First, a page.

The answer to both questions: maybe.
Right now, Canada seems almost perfect to me. The country has universal health care. As someone with a serious, chronic medical condition, this is a pearl beyond price to me, as it would be to so many people. Discourse seems more genteel as well. Death threats from people on the opposite end of the political spectrum are less common here than in the United States. Certainly, a lot of people dislike Trudeau, but from what I’ve seen on social media and in conversation, they tend to air their grievances with fewer personal attacks.
But similar to how we have a limited amount of serotonin in our bodies, so that a hit of Ecstasy can sponge it up and leave us drooping for days, I suspect we have a fixed amount of good will for any one place at any given time. After you move to a country that is not your homeland, and once the honeymoon period is over, the drop in esteem and patience with local customs and peccadilloes is precipitous. Meanwhile, as time grows longer shadows, nostalgia for the country one abandoned builds.
After all my wandering and misdirection, I now wonder if we can maintain a big-hearted perspective on a country while we dwell within it. Rebecca Solnit wrote, “Some things we have only as long as they remain lost, some things are not lost only so long as they are distant.” This beautiful statement is among the truest I know, but it doesn’t have to be the only truth.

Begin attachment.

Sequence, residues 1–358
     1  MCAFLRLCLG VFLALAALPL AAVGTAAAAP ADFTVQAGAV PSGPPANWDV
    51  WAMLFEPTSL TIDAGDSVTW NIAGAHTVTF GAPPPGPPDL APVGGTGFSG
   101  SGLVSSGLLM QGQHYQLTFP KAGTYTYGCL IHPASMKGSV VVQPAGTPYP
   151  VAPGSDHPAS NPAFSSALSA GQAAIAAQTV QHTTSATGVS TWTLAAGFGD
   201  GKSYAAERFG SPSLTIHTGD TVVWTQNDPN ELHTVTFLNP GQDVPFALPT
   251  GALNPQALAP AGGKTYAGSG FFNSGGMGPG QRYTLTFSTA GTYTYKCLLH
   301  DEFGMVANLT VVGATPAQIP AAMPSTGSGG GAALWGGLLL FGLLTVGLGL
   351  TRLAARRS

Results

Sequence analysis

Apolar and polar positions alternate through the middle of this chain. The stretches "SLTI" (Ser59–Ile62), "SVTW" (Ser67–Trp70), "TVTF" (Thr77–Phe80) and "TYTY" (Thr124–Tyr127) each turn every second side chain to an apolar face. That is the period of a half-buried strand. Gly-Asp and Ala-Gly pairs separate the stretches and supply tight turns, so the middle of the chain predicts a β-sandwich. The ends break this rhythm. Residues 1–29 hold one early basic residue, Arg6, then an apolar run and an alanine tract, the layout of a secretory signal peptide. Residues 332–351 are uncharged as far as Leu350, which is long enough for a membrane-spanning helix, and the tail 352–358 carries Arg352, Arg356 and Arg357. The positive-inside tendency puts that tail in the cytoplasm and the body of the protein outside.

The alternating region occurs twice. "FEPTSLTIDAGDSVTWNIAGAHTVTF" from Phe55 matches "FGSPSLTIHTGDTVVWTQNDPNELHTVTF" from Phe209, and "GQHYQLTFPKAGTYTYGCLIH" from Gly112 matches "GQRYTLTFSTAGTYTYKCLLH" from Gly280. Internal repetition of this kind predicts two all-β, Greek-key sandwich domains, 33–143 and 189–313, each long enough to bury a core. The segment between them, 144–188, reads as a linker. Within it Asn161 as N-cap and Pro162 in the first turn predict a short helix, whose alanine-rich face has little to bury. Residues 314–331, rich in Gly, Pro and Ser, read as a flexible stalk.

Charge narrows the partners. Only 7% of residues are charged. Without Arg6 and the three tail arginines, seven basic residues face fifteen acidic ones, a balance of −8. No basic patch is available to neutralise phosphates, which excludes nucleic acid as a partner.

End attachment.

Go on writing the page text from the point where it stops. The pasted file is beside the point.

Over the past six and a half years, I’ve spent a total of ten days in the country of my birth, all of them in my beloved California. While I wasn’t born there, it is the state I name when people ask me where I’m from. Part of that is due to my political and socio-cultural affinities with the state. After all, I’m liberal-minded; I like to stay fit; I reach for stylish clothes but don’t own hairspray and routinely forget to wear a bra. But it’s more because so much of the current me springs from that state’s slingshot, which cups the rest of the country in its curve and sends its dreams and delusions whizzing across. Each night, its lunar crescent looks on as all the states before it turn into sleep.
I miss it. In the essay in which Solnit writes the sentence above, she soulfully evokes San Francisco, in whose harbor I stormed for twelve years, and as she does my longing melds with hers. California is my lost land that constantly returns me to myself by reminding me of my huge capacity for love, the gold rush of my spirit.
Why can’t I feel this appreciation for a country while I am under its protection? One answer is that we learn through distance, in terms of both space and time. I think this is unavoidable. And exponential: I’m not twice as self-aware as I was at half my current age, but dozens of times more blessed and cursed in my self-knowledge.
Perhaps, though, we can carve out a space within the garden of our current home, a glassed greenhouse in which we can grow to love its suns and clouds. Perhaps we can learn to more deeply belong wherever we are, no matter where we came from, and—no small matter at this moment—encourage others to do the same.